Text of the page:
Paying them no attention I (like a mindless lemming) followed the bulk of the racers as they ran across the bridge and began climbing a very steep hill.
I breathlessly made it to the top of the hill and then finally thought about looking at the map.
And that is exactly the moment when I realized that I had been blindly following teams who were heading for Checkpoint 1.
Often. and unfortunately, when I was racing it would take me a while - sometimes a good while - to settle into a race.
That is not a good quality in an adventure racer and I tried very hard to break that habit, because moving on trails, on rivers, in the woods, without thinking is never ever a good idea for so many reasons.
As teams in front of me disappeared from view and as other teams passed me while I stood in one place like a fool at the top of a hill, I regretfully turned around and headed back down the hill.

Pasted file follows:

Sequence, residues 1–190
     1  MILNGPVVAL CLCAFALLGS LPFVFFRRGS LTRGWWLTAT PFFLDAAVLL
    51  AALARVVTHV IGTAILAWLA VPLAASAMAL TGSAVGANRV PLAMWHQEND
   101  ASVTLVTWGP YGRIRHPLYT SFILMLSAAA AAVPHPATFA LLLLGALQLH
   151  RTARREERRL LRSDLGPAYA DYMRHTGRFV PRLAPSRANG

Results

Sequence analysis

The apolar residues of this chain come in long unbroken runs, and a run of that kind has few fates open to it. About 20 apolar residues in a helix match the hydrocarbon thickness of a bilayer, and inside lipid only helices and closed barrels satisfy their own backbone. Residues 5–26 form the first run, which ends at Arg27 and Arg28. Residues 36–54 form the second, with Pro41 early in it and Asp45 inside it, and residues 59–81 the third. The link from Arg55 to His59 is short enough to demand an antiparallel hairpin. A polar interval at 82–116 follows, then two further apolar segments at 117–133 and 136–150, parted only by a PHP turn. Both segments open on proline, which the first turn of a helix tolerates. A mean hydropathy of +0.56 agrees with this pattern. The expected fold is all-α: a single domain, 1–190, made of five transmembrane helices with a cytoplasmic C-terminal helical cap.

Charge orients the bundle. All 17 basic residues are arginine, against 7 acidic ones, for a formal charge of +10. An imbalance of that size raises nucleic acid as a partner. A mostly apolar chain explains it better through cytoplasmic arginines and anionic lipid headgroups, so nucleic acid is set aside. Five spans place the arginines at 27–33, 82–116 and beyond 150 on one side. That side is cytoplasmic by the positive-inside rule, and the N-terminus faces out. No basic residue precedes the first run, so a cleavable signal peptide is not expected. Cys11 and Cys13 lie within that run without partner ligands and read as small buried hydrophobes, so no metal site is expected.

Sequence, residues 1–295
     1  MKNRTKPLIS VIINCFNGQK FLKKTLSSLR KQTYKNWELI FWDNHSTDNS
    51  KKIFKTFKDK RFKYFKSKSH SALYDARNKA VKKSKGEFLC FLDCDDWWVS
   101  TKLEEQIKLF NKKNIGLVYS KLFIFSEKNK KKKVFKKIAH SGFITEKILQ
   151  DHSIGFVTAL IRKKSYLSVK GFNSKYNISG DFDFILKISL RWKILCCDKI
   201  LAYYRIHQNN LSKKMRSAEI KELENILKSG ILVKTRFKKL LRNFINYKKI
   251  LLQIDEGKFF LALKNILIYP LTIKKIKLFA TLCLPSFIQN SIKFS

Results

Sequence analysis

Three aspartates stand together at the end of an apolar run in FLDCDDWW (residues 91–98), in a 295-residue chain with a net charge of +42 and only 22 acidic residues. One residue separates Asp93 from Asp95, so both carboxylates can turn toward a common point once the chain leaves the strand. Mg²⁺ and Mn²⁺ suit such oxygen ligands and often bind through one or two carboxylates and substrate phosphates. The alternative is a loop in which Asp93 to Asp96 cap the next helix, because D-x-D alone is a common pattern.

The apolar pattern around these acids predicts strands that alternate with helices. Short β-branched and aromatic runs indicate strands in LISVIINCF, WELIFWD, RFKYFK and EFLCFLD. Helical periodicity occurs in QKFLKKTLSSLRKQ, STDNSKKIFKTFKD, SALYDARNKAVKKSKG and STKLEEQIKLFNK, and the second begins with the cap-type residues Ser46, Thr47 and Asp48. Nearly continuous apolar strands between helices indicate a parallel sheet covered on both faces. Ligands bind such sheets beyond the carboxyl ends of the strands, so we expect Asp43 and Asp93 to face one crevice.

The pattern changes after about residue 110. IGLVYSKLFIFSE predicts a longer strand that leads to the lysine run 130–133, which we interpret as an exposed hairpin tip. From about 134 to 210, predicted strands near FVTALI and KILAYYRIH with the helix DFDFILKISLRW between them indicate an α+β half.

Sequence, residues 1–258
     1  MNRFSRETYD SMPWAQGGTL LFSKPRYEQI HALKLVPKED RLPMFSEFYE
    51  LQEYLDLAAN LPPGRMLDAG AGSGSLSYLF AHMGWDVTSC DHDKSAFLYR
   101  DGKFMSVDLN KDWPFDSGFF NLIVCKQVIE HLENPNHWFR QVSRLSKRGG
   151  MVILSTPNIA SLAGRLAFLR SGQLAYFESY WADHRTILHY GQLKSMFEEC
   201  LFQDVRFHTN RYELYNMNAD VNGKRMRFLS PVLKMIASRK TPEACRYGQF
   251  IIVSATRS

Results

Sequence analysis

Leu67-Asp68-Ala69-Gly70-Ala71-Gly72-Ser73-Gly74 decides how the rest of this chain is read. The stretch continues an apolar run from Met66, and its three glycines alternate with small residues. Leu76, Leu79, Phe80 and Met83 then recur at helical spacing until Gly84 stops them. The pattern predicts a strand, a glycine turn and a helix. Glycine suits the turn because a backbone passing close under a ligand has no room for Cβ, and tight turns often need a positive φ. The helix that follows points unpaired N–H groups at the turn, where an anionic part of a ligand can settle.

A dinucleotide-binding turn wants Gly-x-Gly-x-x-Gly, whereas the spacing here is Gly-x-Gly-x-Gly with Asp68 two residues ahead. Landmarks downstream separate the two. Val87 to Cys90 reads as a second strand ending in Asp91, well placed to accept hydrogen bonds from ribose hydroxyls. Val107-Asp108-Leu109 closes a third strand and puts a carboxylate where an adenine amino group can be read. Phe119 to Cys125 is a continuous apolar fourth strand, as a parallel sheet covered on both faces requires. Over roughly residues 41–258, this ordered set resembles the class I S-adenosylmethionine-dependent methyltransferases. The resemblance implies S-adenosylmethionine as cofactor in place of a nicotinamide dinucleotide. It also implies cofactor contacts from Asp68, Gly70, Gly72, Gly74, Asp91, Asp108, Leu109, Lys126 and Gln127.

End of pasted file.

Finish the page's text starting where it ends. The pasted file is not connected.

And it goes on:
CP1 was just too far away for me to be able to make any kind of headway in the race and there were so many more checkpoints that were more accessible in the other direction that I could rack up in the meantime...........
After finding my way back down the hill, running through the parking lot, across a bridge and then across a road, I stopped for a moment to look at the map again.
I was determined to "settle in" and realized that the only way I could do that was to slow down, take my time, think before I moved.
I was looking for a entry into the woods that quickly led to a draw that led to the trail. I could not find it.
I was running up and down the side of the highway unsuccessfully looking for the entrance (and there was NOBODY else around at that point - and it was only 8:20am - so by this stage I was not feeling overly confident even early in the race and was already quickly coming to the conclusion that I was in over my head and had no business being in the woods by myself).
I kept looking at the map, looking at the terrain, looking at the location of the dam and the curves in the road, trying to get it straight in my head and for some reason it was just not coming together.
The flattest entry point I could find was a creek and I looked down the creek and saw a small trail. I went in.